Choosing the Finish: Do you have dry, oily, or combination skin? If you have oily skin, definitely choose a matte or semi-matte finish, and you’ll probably want to avoid anything that says “dewy” in it. If you have drier skin, semi-matte as well as dewier finishes work well for your skin type; matte finishes may end up emphasizing your dry skin, especially if you have dry patches. Overall, dewy finishes work well for less people because it can often make you look like you actually have oily skin, even if you don’t, which is the last thing you want to see in photos!

Application: Flawless, Airbrushed Skin

Step 1: Start with well cleansed, moisturized skin. You should exfoliate the night before (I like Prescriptives’ Instant Gratificationicon as my all-time favorite exfoliant) so that your skin has plenty of time to calm down (fairer skins notice more redness post-exfoliation, which is normal and goes away within hours). Cleanse your face in the morning as per usual (light cleanser is just fine, since you don’t accumulate much dirt while sleeping…). Moisturize your skin with your choice of moisturizer, but you should have chosen one that is appropriate for your skin type. No heavy moisturizers if your skin is oily–it will only emphasize and work against you! A light layer of moisturizer is best, especially for outdoor weddings, because too much can just make it easier for everything to slide off.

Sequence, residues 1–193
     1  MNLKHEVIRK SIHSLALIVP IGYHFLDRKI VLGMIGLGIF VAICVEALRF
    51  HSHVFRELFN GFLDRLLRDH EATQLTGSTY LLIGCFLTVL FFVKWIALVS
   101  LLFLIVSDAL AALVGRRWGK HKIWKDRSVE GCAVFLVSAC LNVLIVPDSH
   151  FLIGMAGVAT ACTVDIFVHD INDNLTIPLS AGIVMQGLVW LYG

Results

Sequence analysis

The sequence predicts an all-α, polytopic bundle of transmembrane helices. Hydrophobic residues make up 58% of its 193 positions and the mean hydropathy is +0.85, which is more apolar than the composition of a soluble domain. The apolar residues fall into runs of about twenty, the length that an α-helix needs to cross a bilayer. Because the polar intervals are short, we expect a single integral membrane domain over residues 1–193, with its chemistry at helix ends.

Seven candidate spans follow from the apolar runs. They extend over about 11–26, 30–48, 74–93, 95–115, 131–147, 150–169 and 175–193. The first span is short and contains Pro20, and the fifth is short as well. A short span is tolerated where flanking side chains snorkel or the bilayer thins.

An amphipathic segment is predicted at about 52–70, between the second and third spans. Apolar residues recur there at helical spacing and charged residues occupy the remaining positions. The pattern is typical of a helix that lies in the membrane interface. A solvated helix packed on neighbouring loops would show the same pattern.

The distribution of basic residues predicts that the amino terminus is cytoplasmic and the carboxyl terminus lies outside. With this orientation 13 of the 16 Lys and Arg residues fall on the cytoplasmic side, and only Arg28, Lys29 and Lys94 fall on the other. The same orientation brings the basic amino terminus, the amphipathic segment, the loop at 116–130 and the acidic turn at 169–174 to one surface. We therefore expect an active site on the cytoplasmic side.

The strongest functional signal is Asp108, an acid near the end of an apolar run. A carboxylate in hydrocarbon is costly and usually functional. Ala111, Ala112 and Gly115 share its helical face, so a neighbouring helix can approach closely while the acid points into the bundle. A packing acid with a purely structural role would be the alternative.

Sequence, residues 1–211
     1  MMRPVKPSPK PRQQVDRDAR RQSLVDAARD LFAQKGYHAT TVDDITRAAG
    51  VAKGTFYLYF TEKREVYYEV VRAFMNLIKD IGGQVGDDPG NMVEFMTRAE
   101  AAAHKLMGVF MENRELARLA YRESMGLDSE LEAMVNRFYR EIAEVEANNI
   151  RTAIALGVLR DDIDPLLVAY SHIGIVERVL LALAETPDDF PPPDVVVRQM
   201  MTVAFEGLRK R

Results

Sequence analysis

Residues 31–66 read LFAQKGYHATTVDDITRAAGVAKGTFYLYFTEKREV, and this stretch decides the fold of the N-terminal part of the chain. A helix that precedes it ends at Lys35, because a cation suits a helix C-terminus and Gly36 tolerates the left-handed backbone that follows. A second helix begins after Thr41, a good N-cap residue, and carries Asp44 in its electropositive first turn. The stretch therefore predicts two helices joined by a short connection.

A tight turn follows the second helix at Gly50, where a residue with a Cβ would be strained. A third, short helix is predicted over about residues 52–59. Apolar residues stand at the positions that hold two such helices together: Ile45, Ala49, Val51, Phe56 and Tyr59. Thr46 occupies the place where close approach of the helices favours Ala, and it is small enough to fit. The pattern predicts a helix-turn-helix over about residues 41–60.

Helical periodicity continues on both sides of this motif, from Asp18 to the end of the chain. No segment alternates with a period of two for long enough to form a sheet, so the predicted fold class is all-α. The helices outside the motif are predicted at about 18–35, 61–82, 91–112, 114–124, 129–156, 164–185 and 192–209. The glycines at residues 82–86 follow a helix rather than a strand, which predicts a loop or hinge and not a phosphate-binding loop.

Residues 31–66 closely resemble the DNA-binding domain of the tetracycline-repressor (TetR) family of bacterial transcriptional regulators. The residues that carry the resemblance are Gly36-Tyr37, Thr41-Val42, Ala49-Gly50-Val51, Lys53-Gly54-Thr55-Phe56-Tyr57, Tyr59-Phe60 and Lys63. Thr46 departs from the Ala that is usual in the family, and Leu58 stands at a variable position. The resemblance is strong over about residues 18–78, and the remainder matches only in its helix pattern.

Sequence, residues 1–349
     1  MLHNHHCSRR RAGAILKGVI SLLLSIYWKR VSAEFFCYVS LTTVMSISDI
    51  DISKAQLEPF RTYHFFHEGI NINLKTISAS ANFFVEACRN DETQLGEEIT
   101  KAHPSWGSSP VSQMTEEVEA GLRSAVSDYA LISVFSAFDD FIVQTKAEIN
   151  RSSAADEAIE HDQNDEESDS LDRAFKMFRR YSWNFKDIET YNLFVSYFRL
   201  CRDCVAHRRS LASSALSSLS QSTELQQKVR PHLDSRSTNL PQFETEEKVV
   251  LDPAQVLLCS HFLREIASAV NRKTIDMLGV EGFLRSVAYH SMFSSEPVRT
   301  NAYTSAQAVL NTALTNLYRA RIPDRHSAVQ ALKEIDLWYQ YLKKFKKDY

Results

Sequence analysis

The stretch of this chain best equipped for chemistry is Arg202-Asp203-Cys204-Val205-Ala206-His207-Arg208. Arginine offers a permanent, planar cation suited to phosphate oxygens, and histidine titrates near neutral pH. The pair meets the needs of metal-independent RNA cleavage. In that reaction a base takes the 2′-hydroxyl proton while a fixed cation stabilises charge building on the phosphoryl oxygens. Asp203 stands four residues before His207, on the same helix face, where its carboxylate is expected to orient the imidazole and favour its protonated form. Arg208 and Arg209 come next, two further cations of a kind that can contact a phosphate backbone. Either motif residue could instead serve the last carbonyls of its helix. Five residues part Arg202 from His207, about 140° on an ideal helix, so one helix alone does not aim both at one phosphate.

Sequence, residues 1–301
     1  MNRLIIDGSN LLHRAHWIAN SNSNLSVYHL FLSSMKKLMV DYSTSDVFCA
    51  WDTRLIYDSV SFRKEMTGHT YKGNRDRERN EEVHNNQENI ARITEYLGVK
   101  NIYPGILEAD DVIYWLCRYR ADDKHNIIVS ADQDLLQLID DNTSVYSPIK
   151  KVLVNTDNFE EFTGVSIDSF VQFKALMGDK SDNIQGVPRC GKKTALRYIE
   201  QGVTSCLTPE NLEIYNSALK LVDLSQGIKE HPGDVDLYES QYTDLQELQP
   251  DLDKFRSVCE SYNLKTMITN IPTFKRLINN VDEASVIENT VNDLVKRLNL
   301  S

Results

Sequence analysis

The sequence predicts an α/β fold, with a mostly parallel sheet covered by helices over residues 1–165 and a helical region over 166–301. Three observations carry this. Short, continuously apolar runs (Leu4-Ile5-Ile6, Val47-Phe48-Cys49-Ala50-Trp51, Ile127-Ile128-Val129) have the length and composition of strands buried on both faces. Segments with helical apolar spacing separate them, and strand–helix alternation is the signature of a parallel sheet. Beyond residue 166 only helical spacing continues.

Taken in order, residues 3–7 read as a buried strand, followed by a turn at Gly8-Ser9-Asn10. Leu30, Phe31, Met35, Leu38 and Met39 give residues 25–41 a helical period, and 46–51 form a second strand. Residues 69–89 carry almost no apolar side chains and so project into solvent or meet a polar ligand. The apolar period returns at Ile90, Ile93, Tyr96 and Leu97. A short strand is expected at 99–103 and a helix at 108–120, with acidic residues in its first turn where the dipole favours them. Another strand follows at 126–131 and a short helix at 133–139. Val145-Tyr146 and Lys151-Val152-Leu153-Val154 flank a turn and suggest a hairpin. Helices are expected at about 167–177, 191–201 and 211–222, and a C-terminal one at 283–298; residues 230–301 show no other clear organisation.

Step 2: Prep your skin with a face primer. You can choose your favorite, or you can check out popular favorites like MAC Prep + Prime Skinicon or Smashbox’s Photo Finishicon ($38.00).

Step 3: Conceal any areas that you feel require color correction or general concealer (e.g. under eyes, eye lids, pimples, zits, scars, etc.). Remember, green counteracts red, yellow counteracts blue, and pink brightens skin, so use appropriate products where they may need to be. If you have fine lines or wrinkles, I suggest using a product that is designed to “fill in” wrinkles like Clinique Line-Smoothing Concealericon ($14.00). Some brands sell concealing kits, like Benefit’s Realness of Concealness ($30.00), which can offer you more bang for your buck. Use a concealer brush or small sponge to gently blend concealer into the areas, but go softly and you don’t need to fully blend.